Differential Application of Cognitive and Behavioral Treatments for Migraine
Konecky, Olga Stephanie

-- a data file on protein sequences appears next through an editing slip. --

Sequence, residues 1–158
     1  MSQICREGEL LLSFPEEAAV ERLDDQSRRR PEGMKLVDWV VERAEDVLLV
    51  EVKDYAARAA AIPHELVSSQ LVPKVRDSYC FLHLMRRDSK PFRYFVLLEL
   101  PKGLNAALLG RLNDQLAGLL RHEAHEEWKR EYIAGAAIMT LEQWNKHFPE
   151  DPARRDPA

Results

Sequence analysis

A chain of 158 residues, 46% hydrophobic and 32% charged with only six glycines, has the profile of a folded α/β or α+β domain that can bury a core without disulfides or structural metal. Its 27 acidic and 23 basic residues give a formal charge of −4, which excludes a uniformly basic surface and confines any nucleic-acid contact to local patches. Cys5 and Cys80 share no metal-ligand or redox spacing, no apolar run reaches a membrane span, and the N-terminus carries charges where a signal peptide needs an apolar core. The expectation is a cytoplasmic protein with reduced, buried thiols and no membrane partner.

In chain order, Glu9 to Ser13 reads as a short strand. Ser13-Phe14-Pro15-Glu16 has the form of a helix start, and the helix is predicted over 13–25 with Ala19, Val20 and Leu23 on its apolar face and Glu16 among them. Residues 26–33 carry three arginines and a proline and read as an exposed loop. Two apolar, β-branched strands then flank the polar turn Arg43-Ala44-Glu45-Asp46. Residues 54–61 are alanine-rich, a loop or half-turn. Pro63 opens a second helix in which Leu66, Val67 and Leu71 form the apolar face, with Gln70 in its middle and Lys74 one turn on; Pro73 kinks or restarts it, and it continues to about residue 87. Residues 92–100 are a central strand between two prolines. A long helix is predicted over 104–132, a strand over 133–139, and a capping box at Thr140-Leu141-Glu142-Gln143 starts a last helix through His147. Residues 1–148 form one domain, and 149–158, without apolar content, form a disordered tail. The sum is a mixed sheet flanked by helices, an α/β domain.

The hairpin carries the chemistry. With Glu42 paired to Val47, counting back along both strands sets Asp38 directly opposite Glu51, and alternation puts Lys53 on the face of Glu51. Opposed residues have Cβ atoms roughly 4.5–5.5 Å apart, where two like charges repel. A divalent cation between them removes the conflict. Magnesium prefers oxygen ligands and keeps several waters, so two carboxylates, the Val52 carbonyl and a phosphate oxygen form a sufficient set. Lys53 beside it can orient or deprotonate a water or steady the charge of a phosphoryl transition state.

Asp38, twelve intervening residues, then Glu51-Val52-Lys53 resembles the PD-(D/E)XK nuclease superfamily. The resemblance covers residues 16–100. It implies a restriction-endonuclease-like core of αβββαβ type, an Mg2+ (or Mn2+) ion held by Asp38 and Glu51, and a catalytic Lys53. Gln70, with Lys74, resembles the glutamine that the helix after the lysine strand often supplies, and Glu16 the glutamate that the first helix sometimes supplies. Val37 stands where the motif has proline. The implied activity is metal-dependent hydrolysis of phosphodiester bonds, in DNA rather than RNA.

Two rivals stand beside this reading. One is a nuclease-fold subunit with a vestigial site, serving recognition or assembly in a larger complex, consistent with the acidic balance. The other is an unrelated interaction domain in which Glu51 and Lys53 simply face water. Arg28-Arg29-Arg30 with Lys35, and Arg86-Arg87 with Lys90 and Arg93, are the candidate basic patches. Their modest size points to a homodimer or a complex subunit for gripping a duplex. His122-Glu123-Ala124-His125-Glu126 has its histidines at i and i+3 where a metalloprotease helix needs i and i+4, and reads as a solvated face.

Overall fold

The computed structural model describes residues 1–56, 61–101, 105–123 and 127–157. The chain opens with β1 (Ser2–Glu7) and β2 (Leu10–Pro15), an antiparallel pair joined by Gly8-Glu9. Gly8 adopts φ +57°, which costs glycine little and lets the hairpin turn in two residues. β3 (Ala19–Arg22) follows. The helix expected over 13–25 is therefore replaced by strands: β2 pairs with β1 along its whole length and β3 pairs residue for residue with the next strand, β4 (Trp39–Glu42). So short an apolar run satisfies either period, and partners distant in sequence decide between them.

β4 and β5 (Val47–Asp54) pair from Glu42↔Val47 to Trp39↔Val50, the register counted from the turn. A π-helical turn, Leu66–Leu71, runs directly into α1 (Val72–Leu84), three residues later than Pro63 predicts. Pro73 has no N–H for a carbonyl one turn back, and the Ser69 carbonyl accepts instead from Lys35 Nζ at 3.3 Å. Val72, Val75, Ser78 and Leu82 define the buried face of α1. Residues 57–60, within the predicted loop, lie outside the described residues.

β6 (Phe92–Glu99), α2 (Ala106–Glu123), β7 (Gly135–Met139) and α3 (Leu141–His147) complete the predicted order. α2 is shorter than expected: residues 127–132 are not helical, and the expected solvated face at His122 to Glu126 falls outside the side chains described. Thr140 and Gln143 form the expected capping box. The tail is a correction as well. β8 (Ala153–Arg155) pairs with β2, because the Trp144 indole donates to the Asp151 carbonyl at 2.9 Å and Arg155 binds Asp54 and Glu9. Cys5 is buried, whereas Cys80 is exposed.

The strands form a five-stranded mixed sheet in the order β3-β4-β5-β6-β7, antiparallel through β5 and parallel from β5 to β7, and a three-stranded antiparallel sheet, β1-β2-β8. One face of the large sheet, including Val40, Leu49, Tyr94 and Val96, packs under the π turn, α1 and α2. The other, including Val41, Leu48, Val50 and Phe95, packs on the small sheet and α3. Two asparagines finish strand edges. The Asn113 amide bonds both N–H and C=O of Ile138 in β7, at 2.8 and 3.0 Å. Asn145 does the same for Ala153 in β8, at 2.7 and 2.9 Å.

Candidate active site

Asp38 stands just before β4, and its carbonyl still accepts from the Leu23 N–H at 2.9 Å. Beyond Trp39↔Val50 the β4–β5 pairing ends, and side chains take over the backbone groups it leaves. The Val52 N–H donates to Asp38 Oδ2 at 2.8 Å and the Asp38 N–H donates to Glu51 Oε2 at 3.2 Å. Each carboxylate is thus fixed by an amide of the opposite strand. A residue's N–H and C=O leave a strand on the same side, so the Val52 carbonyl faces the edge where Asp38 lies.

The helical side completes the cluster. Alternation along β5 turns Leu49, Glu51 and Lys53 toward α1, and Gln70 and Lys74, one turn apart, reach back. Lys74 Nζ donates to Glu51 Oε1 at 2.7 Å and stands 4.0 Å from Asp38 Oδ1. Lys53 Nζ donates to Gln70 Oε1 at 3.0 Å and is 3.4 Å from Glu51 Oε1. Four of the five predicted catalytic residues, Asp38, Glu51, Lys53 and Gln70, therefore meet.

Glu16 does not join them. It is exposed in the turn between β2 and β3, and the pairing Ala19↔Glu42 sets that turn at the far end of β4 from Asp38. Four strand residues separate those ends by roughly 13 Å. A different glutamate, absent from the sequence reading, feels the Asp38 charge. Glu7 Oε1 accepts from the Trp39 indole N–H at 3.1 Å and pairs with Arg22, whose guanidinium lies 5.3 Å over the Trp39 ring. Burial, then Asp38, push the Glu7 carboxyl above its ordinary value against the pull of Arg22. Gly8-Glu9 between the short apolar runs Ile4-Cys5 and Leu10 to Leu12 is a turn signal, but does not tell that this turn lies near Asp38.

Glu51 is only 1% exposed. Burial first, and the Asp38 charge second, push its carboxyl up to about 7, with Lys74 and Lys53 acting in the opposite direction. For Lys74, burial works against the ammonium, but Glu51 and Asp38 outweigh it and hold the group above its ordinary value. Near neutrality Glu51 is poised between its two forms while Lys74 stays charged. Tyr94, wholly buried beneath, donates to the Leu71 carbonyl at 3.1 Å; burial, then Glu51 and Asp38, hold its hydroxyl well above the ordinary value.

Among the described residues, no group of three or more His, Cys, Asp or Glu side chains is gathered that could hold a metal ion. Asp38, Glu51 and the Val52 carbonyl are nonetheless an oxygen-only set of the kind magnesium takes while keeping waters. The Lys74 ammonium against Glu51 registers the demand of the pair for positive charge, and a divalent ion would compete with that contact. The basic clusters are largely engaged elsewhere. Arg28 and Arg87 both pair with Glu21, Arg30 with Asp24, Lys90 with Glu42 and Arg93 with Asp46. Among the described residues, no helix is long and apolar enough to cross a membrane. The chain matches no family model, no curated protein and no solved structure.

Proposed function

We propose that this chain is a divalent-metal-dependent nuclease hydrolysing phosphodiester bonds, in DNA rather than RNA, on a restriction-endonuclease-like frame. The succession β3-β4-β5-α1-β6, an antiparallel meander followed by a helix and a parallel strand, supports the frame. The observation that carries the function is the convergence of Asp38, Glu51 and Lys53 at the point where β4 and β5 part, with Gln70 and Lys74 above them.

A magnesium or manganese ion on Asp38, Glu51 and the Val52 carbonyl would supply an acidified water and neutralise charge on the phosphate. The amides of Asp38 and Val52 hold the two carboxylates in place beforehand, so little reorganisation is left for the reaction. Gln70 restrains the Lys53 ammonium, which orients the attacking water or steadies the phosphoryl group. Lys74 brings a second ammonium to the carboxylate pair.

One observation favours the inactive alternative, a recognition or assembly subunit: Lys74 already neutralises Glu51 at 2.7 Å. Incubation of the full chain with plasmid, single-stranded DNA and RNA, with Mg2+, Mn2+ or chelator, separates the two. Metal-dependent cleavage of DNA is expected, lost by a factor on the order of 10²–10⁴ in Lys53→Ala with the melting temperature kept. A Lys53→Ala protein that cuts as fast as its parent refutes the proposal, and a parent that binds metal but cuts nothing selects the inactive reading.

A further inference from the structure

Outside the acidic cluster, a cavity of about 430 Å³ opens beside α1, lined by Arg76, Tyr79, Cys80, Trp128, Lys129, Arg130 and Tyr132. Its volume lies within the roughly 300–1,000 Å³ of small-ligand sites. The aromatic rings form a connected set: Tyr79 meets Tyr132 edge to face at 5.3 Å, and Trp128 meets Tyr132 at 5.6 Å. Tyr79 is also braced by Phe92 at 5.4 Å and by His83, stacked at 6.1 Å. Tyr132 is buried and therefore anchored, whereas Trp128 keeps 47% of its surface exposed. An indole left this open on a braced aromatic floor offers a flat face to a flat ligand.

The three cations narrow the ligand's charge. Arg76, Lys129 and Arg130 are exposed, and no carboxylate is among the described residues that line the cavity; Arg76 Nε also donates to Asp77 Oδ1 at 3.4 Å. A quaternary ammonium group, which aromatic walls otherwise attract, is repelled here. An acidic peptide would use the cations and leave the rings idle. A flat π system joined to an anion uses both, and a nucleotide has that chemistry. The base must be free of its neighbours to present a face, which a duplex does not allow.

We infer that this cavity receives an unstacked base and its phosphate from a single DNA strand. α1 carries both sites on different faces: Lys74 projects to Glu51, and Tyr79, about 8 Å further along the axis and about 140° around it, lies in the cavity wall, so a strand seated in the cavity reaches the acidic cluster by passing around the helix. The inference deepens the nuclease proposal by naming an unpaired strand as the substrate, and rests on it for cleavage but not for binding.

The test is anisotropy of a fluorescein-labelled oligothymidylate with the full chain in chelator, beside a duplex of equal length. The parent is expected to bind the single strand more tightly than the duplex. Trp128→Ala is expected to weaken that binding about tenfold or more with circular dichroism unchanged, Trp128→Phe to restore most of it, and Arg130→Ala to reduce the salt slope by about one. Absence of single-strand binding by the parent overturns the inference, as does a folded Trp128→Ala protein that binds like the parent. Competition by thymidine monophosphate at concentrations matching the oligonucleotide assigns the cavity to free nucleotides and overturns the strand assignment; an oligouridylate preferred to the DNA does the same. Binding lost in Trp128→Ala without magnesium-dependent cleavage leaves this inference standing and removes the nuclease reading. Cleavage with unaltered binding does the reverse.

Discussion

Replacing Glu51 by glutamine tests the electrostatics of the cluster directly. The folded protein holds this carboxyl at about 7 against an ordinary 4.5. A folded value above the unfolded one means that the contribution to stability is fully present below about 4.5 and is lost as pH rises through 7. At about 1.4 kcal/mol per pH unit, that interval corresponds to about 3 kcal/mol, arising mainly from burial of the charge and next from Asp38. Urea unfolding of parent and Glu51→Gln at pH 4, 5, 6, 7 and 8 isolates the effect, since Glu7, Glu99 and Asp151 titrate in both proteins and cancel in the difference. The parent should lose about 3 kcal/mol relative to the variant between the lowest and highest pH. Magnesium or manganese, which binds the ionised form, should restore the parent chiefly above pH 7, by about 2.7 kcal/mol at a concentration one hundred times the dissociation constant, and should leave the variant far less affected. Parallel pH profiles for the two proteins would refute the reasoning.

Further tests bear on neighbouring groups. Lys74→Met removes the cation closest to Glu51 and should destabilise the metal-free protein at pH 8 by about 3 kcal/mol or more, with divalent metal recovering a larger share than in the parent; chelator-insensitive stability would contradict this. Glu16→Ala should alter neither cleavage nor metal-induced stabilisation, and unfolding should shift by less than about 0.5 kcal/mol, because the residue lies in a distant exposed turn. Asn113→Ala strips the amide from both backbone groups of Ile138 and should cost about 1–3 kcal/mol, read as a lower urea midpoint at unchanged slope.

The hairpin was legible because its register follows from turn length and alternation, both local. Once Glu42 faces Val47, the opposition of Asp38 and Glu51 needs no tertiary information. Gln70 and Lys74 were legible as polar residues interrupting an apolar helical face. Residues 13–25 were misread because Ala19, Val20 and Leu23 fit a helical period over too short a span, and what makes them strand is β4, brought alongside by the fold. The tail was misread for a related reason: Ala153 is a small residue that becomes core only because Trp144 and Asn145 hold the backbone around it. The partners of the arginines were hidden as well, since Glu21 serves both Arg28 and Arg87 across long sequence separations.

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The problem. While research has demonstrated the effectiveness of behavioral and, more recently, cognitive treatments for migraine, exclusively-behavioral and cognitive treatments have not been compared. Additionally, few variables have been identified as predictors of differential treatment response. Procedure. A 2 (locus of control) X 2 (treatments) stratified block desiqn was used to investigate the interaction of locus of control with treatments for migraine, in-order to help clarify the interaction of subject variables with treatment and to compare the effectiveness of procedurally similar interventions, differing primarily with respect to treatment orientation. A total of 16 community residents, screened as suffering from migraine or combined muscle contraction-migraine headaches, were classified as either internals or externals and randomly assigned to one of two treatment conditions: behavioral self-control plus relaxation or cognitive coping plus relaxation. Multiple measures were administered over time. Findings. Results failed to support a differential treatment approach based on locus-of-control orientation or greater therapeutic efficacy for either the cognitive or behavioral treatments for migraine. Exploratory analyses did reveal that substantially more cognitive-group, rather than behavioral-group, participants reported applying treatment-related coping strategies to control headache. Pain pattern was also found to be significantly correlated with treatment outcome. Conclusions. Findings support continued investigation of the cognitive-behavioral treatment distinction in migraine research. Recommendations. Additional comparisons between more effective behavioral and cognitive treatments for miqraine, more rigorous assessment of whether group participants acquired intended treatment techniques and further investigation of the interaction of treatments with locus of control are needed. Pain location, headache frequency, headache type, and some scales of Melzack's Pain Questionnaire and Lanyon's Psychological Screening Inventory also merit rigorous investigation to see if prediction of outcome can be improved.
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